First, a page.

After long six months of diplomatic and military tensions in the eastern Mediterranean, the conflict between Turkey and Greece over maritime boundaries is, probably, coming to a point of diplomatic rationality. The Turkish Ministry of Foreign Affairs announced, on Monday, that the exploratory talks between Turkey and Greece shall resume on January 25th in Istanbul. Amid the military tensions aroused in the Mediterranean, last summer, Turkish and Hellenic militaries had some episodes of technical talks, but they did not lead to any solutions.
The upcoming round of talks is the 61st to discuss the issue of the continental shelf of Turkey and the demarcation of an Exclusive Economic Zone (EEZ) between Turkey and Greece. Since 2002, the talks have going on in Greek and Turkish cities, alternatively. The last exploratory talks between Greece and Turkey took place in 2016. Greece refused to participate in the talks planned, last year, in Turkey, in protest of Turkey’s deployment of the seismic research ship, Oruç Reis, to the disputed EEZ between Turkey and Greece, in July. For 82 days, Oruç Reis navigated the sea, guarded by warships, submarines, and helicopters affiliated with the Turkish naval forces.
Obviously, Turkey’s goal from using military power to stir up the stagnant waters in the quiet basin of the Mediterranean, was to put pressure on Greece before the planned exploratory talks, last year. But the whole situation backfired on Turkey, afterward. Rather than improving Turkey’s position in the negotiations, the use of military power led to further political complications that made Turkey’s mission to realize the blue homeland (Mavi Vatan) goal, more challenging. Unfortunately, the militarization of foreign policy is an old toxic habit of the Turkish state, that has kept it losing on almost all of its diplomatic battles since the 1920s.
The military tensions aroused in the Mediterranean attracted several foreign powers, including France, Russia, the United States, the United Arab Emirates, and even China, which came to take advantage of the ongoing tragedy. France led a huge campaign to let the European Union and NATO sanction Turkey for harassing Greece. Luckily for Turkey, the EU and NATO, which French President Macron called “brain dead,” refused to listen to Macron’s “Pax Mediterranean” and “red line” warnings, and insisted on moving forward with the face-to-face dialogue between Turkey and Greece.
Meanwhile, massive shifts in the diplomatic interactions between the East Mediterranean countries have happened, in an attempt to deter Turkey. On August 1st, France and Cyprus announced that their “Defense Cooperation Agreement,” signed in April 2017, entered into force. The agreement ensures cooperation on “energy resources, crisis management, counter-terrorism, and maritime security.” The activation of the agreement, at this particular time, came in direct response to Turkey’s military presence in the Mediterranean.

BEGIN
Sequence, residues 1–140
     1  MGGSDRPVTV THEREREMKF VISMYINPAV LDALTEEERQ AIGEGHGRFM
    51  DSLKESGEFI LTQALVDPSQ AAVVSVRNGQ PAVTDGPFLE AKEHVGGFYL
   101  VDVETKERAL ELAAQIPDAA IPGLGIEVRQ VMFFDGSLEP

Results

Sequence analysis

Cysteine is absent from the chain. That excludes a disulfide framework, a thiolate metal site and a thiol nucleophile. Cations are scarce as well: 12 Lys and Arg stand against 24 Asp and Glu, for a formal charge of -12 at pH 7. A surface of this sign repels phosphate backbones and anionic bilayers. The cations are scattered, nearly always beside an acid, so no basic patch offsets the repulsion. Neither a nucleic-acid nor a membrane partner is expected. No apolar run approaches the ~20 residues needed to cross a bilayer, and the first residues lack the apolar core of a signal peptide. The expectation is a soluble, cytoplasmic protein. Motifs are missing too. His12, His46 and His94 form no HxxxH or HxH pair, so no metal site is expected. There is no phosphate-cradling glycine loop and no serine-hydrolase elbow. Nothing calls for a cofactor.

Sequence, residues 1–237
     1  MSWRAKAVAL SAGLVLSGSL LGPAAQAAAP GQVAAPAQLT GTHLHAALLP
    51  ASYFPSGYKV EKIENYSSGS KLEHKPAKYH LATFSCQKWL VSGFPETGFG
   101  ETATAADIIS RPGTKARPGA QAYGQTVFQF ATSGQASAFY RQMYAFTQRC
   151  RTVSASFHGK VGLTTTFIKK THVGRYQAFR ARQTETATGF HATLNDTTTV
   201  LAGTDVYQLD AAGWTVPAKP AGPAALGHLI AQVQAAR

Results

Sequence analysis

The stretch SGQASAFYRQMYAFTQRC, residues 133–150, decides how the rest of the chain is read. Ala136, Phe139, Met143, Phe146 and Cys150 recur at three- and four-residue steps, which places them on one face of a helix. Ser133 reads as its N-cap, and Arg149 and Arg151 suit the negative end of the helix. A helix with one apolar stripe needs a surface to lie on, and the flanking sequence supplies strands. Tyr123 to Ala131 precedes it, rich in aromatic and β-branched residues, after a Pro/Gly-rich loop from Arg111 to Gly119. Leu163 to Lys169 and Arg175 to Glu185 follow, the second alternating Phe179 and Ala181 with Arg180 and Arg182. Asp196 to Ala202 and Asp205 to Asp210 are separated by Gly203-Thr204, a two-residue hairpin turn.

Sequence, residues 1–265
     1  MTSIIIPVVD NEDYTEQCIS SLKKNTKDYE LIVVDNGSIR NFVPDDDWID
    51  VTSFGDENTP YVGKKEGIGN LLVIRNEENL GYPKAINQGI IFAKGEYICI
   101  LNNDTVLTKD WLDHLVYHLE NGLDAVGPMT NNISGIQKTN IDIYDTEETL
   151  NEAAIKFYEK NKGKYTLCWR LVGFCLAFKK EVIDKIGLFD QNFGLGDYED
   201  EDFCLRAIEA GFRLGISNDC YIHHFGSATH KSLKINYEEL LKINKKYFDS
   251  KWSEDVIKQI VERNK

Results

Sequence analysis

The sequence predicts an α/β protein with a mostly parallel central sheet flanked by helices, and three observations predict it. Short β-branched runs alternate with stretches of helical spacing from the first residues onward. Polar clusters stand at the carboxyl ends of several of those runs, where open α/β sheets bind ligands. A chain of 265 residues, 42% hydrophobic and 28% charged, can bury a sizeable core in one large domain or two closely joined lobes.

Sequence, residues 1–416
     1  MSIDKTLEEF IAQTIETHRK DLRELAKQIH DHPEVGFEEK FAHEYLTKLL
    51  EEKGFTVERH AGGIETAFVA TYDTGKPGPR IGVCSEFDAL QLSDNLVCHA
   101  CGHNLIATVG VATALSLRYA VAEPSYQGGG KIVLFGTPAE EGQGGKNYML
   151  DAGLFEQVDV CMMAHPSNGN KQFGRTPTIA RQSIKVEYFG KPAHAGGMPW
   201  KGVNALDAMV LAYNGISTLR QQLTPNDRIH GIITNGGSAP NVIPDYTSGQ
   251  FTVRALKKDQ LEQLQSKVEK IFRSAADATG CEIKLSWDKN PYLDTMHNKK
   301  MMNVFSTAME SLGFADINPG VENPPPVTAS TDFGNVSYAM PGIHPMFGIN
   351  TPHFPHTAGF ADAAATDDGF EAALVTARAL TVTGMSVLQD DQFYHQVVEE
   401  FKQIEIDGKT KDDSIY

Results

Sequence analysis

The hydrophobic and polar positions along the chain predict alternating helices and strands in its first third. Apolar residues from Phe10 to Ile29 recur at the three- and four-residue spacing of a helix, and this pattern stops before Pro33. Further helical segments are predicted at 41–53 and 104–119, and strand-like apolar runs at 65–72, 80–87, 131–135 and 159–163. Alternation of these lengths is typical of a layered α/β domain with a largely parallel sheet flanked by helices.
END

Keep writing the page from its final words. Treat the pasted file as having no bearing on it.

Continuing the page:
A few days after that, on August 6th, Egypt and Greece signed their own EEZ agreement, in compliance with the United Nations Convention on the Law of the Sea (UNCLOS). The Egypt-Greece EEZ agreement intersects with, and consequently nulls, the flawed maritime agreement signed between Libya’s temporary Government of National Accord (GNA) and Turkey, in November 2019. Then, in mid-September, the EastMed Gas Forum, which was formed by Egypt, Greece, Cyprus, and Israel in January 2020, has been turned into a regional organization, purposefully excluding Turkey.
“Turkey, no more, can ignore the relationship between Greece and Egypt,” said Turkish Minister of National Defense, Hulusi Akar, in November, while presenting the military budget proposal for the year 2021, to the Plan and Budget Committee of the Grand National Assembly of Turkey (TBMM). In the past two decades, every time Greece approached Egypt to sign an EEZ agreement, Egypt used to turn the Greeks’ request down out of respect for Turkey. But, the widening political rift between the Egyptian and the Turkish states, since 2013, left Egypt with no other option but to side with Greece and its European allies, this time.
That being said, Turkey is the country with the longest border (1870 km) in the Mediterranean Sea. In other words, Turkey has rights lost in the Mediterranean, since the signing of the Lausanne Agreement in 1922. The international community must listen to Turkey’s pleas not to be confined to its borders, because of a biased agreement that was signed a century ago under the fog of war.
One can hardly be optimistic that the prospected resumption of exploratory talks between Turkey and Greece, on January 25th, may lead to any tangible progress on the issue. The mission requires sharp diplomatic skills, and Turkey suffers from chronic feebleness in its diplomatic bureau. Ironically, Hulusi Akar, the Defense Minister, is way more skilled in using and applying diplomatic rhetoric and tactics, than Mevlüt Çavuşoğlu, the Foreign Minister. Needless to mention the injudicious statements that President Erdogan makes, now and then, and their extremely negative influence on Turkey’s foreign affairs, in general.
For Turkey to succeed in realizing its legitimate rights lost in the Mediterranean, three things need to happen. First, President Erdogan has to stop making provocative fiery statements about the Greek-Turkey conflict. Second, the Turkish state has to improve its diplomatic skills and adopt a more open foreign policy towards all East Mediterranean nations, especially Egypt. Third, Turkey needs to stop flexing its military muscles every time it gets impatient with the slow-by-nature diplomatic endeavors.